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On Sundays and holydays the “Sweet Waters” of Europe are much frequented. One generally crosses the Golden Horn, into which the sweet water runs, in a kaik. There is, however, another way thither across the mountains.

A large grass-plat, surrounded by trees, is the goal towards which the heaving multitude pours. Here are to be seen people from all quarters of the globe, and of all shades of colour, reclining in perfect harmony on carpets, mats, and pillows, and solacing themselves, pipe in mouth, with coffee and sweetmeats. Many pretty Jewesses, mostly unveiled, are to be seen among the crowd.

On Friday, the holiday of the Turks, the scene in the Asiatic Sweet Waters is just as animated; and here there is much more to interest us Europeans, as the company consists chiefly of Turks, male and female. The latter have, as usual, their faces covered: the most beautiful feature, the flaming eye, is, however, visible.

The trip across the sea to the Asiatic Sweet Waters is incomparably more beautiful and interesting than the journey to the European. We travel up the Bosphorus, in the direction of the Black Sea, past the splendid new palace of the Sultan. Though this palace is chiefly of wood, the pillars, staircases, and the ground-floor, built of marble of dazzling whiteness, are strikingly beautiful. The great gates, of gilded cast-iron, may be called masterpieces; they were purchased in England for the sum of 8000 pounds. The roof of the palace is in the form of a terrace, and round this terrace runs a magnificent gallery, built only of wood, but artistically carved. We also pass the two ancient castles which command the approach to Constantinople, and then turn to the right towards the Sweet Waters. The situation of this place is most lovely; it lies in a beautiful valley surrounded by green hills.

Very interesting is also an excursion to Chalcedonia, a peninsula in the Sea of Marmora, on the Asiatic side, adjoining Scutari. We were rowed thither in a two-oared kaik in an hour and a quarter. The finest possible weather favoured our trip. A number of dolphins gambolled around our boat; we saw these tame fishes darting to and fro in all directions, and leaping into the air. It is a peculiar circumstance with regard to these creatures, that they never swim separately, but always either in pairs or larger companies.

The views which we enjoy during these trips are peculiarly lovely. Scutari lies close on our left; the foreground is occupied by mountains of moderate elevation; and above them, in the far distance, gleams the snow-clad summit of Olympus. The uninhabited Prince’s Island and the two Dog Islands are not the most picturesque objects to be introduced in such a landscape. To make up for the disadvantage of their presence we have, however, a good view of the Sea of Marmora, and can also distinguish the greater portion of the city of Constantinople.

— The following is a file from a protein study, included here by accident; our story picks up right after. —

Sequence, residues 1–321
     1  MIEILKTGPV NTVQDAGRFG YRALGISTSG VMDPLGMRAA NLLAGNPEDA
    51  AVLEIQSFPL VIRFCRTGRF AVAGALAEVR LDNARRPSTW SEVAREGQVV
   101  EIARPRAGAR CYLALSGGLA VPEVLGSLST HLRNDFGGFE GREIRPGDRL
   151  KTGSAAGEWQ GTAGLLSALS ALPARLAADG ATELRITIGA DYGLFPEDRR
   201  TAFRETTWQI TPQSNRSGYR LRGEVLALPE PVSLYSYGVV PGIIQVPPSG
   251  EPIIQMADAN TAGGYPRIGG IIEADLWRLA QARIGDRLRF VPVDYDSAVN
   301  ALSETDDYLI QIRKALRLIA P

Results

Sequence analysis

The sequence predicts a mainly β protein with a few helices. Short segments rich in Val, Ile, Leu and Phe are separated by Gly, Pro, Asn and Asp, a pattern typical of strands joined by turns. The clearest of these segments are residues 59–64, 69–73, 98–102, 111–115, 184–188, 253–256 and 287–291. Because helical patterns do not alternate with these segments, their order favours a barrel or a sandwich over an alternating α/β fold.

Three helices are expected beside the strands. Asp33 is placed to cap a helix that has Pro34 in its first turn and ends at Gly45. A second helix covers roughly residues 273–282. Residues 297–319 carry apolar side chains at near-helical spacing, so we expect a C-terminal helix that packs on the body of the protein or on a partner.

On Chalcedonia itself there is nothing to be seen but a lighthouse. Beautiful grass-plats, with a few trees and a coffee-house, are the chief points of attraction with the townspeople.

An excursion by sea to Baluklid is also to be recommended. You pass the entire Turkish fleet, which is very considerable, and see the largest ship in the world, the “Mahmud,” of 140 guns, built during the reign of the late Sultan Mahmud. Several three-deckers of 120 guns, some of them unrigged, and many men-of-war mounting from forty to sixty cannons, lie in the harbour. For an hour and a half we are riding through the Sea of Marmora, to the left of the great quay which surrounds the walls of Constantinople. Here, for the first time, we see the giant city in all its magnificent proportions. We also passed the “Seven Towers,” of which, however, only five remain standing; the other two, I was told, had fallen in. If these towers really answer no other purpose than that of prisons for the European ambassadors during tumults or in the event of hostilities, I think the sooner the remaining five tumble down the better; for the European powers will certainly not brook such an insult from the Turks, now in the day of their decline.

We disembarked immediately beyond the “Seven Towers,” and walked for half an hour through long empty streets, then out at the town-gate, where the cypress-grove for a time conceals from our view a large open space on which is built a pretty Greek church. I was told that during the holidays at Easter such riotous scenes were here enacted that broken heads were far from being phenomena of rare occurrence. In the church there is a cold spring containing little fishes. A legend goes, that on the high days at Easter these poor little creatures swim about half fried and yet alive, because once upon a time, when Constantinople was besieged, a general said that it was no more likely that the city could be taken than that fishes could swim about half fried. Ever since that period the wonderful miracle of the fried fish is said to occur annually at Easter.